NOT PJ: The signs they are a-changin
The Signs they are A-Changing
The signs around Christchurch have changed. They used to urge us to “stay strong” or proclaim stoically that “We Will Rebuild.” Driving back up from Dunedin this week, I got a somewhat different sense from the billboard asking that I “Don’t Give Up.” There’s nothing that makes you want to give up as much as being told not to.
Something clearly had to change. The claim that we will rebuild was a powerful rallying call in the days after the quakes. Now that claim is farcical. The demolition of the city’s ruins is not yet complete, but Chairman Brownlee is using his almost-total powers to begin demolition of buildings that are not damaged. Worse still, some buildings threatened by the city plan were damaged and have since been repaired.
The Ng Building on Madras Street was damaged in the September 2010 earthquake and repaired and strengthened in time for the February 2011 earthquake. It’s a Canterbury Heritage Award winner and is home to nine businesses including two galleries. It is an oasis of business, culture, and hope in an area that otherwise looks like Hiroshima. CERA will bulldoze it to make way for a stadium that will be desolate 99% of the time.
The message is not “We will rebuild” but the more sinister “We will rebuild”.
There are no signs saying “We will rebuild” on the approaches to Dunedin. Dunedin has done more than enough building to impoverish itself for decades. There’s a moment that every returning Dunedinite relishes: as you come down off the last hill on the Waitati Highway, the road curves down around Pine Hill and in a single moment the foothills part to reveal the city ahead.
Nowadays that view is dominated by the arched steel back of a vast white elephant, the Forsyth Barr Stadium (or FuBar Stadium to some locals). The Otago Daily Times is also dominated by the stadium: Why did it cost so much to build? Why does it cost so much to run? How did nobody predict this would happen? (Ahem.)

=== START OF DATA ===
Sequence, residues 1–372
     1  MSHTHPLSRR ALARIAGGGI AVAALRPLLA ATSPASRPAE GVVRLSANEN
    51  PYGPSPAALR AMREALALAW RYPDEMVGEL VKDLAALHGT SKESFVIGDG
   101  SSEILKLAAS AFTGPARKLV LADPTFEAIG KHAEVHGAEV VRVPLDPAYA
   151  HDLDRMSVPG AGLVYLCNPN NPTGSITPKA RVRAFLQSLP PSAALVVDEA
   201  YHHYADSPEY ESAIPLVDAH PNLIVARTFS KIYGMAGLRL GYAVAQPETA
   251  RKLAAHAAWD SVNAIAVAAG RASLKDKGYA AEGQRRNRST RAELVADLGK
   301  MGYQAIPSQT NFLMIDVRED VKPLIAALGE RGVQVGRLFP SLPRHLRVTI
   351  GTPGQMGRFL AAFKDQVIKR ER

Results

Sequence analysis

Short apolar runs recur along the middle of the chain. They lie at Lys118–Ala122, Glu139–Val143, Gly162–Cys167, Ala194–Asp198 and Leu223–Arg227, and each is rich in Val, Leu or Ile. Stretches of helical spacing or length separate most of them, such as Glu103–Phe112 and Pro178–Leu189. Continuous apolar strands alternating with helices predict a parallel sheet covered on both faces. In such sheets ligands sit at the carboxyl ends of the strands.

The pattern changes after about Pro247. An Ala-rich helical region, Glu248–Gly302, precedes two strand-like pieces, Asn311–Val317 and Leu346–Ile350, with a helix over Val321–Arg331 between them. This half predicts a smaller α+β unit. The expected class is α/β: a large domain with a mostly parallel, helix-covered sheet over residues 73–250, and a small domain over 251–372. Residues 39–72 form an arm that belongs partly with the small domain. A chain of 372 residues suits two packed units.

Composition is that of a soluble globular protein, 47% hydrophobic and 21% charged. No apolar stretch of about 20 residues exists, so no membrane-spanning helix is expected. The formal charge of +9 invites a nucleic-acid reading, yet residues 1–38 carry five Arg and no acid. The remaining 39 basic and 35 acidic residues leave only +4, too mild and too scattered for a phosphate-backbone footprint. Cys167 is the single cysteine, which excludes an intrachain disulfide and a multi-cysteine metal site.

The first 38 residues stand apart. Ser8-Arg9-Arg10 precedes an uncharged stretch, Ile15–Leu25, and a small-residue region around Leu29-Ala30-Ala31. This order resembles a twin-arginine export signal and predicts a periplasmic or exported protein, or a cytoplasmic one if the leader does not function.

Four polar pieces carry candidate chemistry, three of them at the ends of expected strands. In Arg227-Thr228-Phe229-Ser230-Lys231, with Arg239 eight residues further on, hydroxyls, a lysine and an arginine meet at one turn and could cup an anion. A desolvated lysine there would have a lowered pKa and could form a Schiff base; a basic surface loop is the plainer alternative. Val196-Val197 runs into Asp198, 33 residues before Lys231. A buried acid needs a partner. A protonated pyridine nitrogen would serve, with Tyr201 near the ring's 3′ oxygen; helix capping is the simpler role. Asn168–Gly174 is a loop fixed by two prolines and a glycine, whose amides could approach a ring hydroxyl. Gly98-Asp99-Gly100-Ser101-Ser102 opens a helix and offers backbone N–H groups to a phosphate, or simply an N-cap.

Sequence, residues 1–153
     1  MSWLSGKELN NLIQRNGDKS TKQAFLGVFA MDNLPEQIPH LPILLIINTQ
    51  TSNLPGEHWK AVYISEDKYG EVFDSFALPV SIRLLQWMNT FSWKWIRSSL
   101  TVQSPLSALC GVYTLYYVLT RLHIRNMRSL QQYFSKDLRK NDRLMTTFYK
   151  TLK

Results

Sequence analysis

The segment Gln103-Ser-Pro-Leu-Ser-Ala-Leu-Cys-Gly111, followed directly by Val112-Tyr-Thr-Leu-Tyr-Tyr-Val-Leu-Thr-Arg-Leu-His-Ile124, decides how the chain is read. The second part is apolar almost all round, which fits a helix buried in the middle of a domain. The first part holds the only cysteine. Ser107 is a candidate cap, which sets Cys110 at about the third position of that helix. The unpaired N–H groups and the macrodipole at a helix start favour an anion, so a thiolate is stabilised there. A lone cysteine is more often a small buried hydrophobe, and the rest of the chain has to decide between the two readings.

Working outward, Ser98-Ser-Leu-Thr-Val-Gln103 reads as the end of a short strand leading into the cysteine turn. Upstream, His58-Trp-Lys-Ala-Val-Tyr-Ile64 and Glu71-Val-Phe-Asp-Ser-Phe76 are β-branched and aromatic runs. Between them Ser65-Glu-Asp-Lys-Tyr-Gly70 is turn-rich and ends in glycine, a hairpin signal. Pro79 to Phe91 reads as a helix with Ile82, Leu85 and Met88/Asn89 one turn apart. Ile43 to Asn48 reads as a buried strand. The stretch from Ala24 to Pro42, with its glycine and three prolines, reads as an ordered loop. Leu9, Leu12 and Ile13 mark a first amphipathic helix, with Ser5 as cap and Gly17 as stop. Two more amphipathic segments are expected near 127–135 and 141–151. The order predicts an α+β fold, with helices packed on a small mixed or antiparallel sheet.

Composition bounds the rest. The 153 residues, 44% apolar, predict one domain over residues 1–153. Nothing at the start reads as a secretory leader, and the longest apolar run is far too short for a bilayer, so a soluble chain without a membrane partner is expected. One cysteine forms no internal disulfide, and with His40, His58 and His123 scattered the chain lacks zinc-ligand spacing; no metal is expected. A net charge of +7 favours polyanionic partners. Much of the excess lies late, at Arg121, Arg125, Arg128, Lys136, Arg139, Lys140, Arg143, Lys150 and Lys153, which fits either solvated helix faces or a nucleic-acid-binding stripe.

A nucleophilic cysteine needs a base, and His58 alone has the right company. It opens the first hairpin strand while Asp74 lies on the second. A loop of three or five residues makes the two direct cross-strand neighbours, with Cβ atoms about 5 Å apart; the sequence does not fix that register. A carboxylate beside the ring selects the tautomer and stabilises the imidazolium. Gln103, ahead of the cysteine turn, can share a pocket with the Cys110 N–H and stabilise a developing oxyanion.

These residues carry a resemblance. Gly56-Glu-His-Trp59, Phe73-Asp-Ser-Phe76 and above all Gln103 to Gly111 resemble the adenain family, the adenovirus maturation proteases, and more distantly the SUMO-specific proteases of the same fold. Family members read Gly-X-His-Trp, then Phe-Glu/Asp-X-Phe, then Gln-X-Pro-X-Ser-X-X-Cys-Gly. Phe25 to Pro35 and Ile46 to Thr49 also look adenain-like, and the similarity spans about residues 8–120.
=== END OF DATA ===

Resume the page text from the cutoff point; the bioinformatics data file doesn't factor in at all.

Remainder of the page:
The Dunedin public has recently had the opportunity to make submissions to the Council on the topic, “How the fuck do we make the stadium a less staggering abortion?” The place is basically a great big stack of scaffolding with 440 kilowatts of lighting, all wrapped in plastic. The only way the place will ever make money is by growing cannabis.
Dunedin City councillor Lee Vandervis has advice for Christchurch: “If you want to spend a lot of money and get nothing in return, a stadium would be the best way to go.”
For this pointless monstrosity—a white elephant stadium, costing twice what Dunedin’s did, a vast block of dead space in the middle of the city—the Ng Building and other restored heritage buildings in the same block, housing viable businesses, will be destroyed. Stolen by CERA and bulldozed.
Someone will rebuild. Sharon Ng and Roland Logan repaired their building under their own steam and are fighting the theft of their building. Zac Cassels has moved his CBD Bar into the hundred-year-old building next door, knowing that CERA wants to knock it down. These are the people who will rebuild Christchurch.
Don’t give up. The piteous little sign is right. Don’t give up because, if we do, it will give CERA all the room it needs to lay waste to what little remains of central Christchurch.
Read Bernard Darnton’s column every week here at NOT PC. Except when you can’t.